Gospel: On the Feast of the Birth of the Baptist, Zechariah’s speech is returned to him as he names his son, John. As Matthew continues his Sermon on the Mount, Jesus tells people to hold onto what is holy and do not mix it with profane activities. The Golden rule is to do unto others and you want them to do unto you. When being wary of false prophets, one can discern whether a person is good or not because from a good person good actions will follow. From a good tree, good fruit will be produced. Faith is a personal issue to Jesus. Many will believe in some of his good sayings but they have failed to develop a special relationship with him. They will thus stray from the path because they do not have his moral compass as a guide. As the Sermons ends, a leper comes up to Jesus and asks him to make him clean. Jesus does wish him to be made well and heals him. On the Feast of Peter and Paul, Jesus asks the question, “Who do you say that I am?” When Peter answers rightly, Jesus builds his church upon Peter, the Rock.
Saints of the Week
June 24: Nativity of John the Baptist (first century) was celebrated on June 24th to remind us that he was six months older than Jesus, according to Luke. This day also serves to remind us that, as Christ is the light of the world, John must decrease just as the daylight diminishes. John’s birth is told by Luke. He was the son of the mature Elizabeth and the dumbstruck Zechariah. When John was named, Zechariah’s tongue was loosened and he sang the great Benedictus.
June 27: Cyril of Alexandria, bishop and doctor (376-444), presided over the Council of Ephesus that fought Nestorian the heresy. Cyril claimed, contrary to Nestorius, that since the divine and human in Jesus were so closely united that it was appropriate to refer to Mary was the mother of God. Because he condemned Nestorius, the church went through a schism that lasted until Cyril's death. Cyril's power, wealth, and theological expertise influenced many as he defended the church against opposing philosophies.
June 28: Irenaeus, bishop and martyr (130-200) was sent to Lyons as a missionary to combat the persecution the church faced in Lyons. He was born in Asia Minor and became a disciple of Polycarp who was a disciple of the Apostle John. Irenaeus asserted that the creation was not sinful by nature but merely distorted by sin. As God created us, God redeemed us. Therefore, our fallen nature can only be saved by Christ who took on our form in the Incarnation. Irenaeus refutation of heresies laid the foundations of Christian theology.
June 29: Peter and Paul, apostles (first century) are lumped together for a feast day because of their extreme importance to the early and contemporary church. Upon Peter's faith was the church built; Paul's efforts to bring Gentiles into the faith and to lay out a moral code was important for successive generations. It is right that they are joined together as their work is one, but with two prongs. For Jesuits, this is a day that Ignatius began to recover from his illness after the wounds he sustained at Pamplona. It marked a turning point in his recovery.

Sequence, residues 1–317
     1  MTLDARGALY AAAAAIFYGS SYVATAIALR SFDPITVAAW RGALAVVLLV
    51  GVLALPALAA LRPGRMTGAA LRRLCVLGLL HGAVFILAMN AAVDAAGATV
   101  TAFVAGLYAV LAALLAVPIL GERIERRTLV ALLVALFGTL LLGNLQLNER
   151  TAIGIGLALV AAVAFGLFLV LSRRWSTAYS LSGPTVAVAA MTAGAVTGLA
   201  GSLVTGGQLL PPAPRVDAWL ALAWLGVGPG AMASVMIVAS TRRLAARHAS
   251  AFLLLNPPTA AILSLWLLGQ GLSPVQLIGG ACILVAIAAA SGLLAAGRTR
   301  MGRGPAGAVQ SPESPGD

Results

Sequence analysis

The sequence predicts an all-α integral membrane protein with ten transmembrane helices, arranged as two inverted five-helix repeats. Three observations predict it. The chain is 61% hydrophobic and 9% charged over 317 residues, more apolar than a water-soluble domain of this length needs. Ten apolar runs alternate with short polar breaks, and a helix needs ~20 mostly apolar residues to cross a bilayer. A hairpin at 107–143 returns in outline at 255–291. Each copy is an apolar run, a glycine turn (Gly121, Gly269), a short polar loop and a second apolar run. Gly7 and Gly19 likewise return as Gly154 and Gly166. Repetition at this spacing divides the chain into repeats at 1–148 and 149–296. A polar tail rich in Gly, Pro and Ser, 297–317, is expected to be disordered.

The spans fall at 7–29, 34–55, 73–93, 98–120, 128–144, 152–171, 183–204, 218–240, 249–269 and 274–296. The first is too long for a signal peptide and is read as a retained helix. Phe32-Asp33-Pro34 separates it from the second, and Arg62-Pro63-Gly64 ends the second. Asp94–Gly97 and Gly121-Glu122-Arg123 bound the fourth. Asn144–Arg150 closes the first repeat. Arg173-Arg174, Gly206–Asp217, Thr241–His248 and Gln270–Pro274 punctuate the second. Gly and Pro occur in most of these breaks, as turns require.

This Week in Jesuit History
· Jun 23, 1967. Saint Louis University's Board of Trustees gathered at Fordyce House for the first meeting of the expanded Board of Trustees. SLU was the first Catholic university to establish a Board of Trustees with a majority of lay members.
· Jun 24, 1537. Ignatius, Francis Xavier, and five of the companions were ordained priests in Venice, Italy.
· Jun 25, 1782. The Jesuits in White Russia were permitted by the Empress Catherine to elect a General. They chose Fr. Czerniewicz. He took the title of Vicar General, with the powers of the General.
· Jun 26, 1614. By a ruse of the Calvinists, the book, "Defensio Fidei" by Francis Suarez was condemned by the French Parliament. In addition, in England James I ordered the book to be publicly burned.
· Jun 27, 1978. Bernard Lisson, a mechanic, and Gregor Richert, a parish priest, were shot to death at St Rupert's Mission, Sinoia, Zimbabwe.
· Jun 28, 1591. Fr. Leonard Lessius's teaching on grace and predestination caused a great deal of excitement and agitation against the Society in Louvain and Douai. The Papal Nuncio and Pope Gregory XIV both declared that his teaching was perfectly orthodox.
· Jun 29, 1880. In France the law of spoliation, which was passed at the end of March, came into effect and all the Jesuit Houses and Colleges were suppressed.
Tuesday, June 18, 2013
Monday, June 17, 2013
God is present in moments of rest and can give us in a single instant exactly what we need. Then the rest of the day can take its course, under the same and strain, perhaps, but in peace. And when night comes and you look back over the day and see how fragmentary everything has been, and how much you planned that has gone undone, and all the reasons you have to be embarrassed and ashamed; just take everything exactly as it is, put it in God's hands, and leave it with God. Then you will be able to rest in God - really rest - and start the next day as a new life.
Sunday, June 16, 2013
Saturday, June 15, 2013
In the First Week of the Spiritual Exercises, Ignatius directs retreatants to meditate of their sinfulness and to prepare for forgiveness. Content with the call of John the Baptist to acknowledge and repent of our sins so that we can turn to Christ, Ignatius urges retreatants to do likewise. In the second exercise of the first week, Ignatius gives these instructions:
First Point: This is the review of my sins. I will call to mind all the sins of my life, year by year and period by period. Three things will help me in this: first, to remember the place and house where I lived; second, my relationships with others; third, the positions I have held.
Second Point: This is to weigh the gravity of my sins and see the ugliness and malice....
Fourth Point: This is to consider who God is against whom I have sinned, reflecting on the divine attributes and comparing them with their contraries in me: God's wisdom and my weakness, God's justice with my iniquity, God's goodness and my sinfulness.
Fifth Point: This is a cry of wonder with growing emotion as I consider all creatures. How have they permitted me to live and sustained me in life? ... Why have the heavens, sun, moon, stars and elements, the fruits, birds, fishes and animals, served my needs? Why has the earth not opened up and swallowed me up, condemning me to final separation from God?
Colloquy: I will conclude with a colloquy, praising the mercy of God our Lord, pouring out my thoughts and giving thanks to the Lord for granting me life up to this moment. I will resolve with the help of God's grace to amend for the future.
(Tetlow, Spiritual Exercises, pp. 26-27)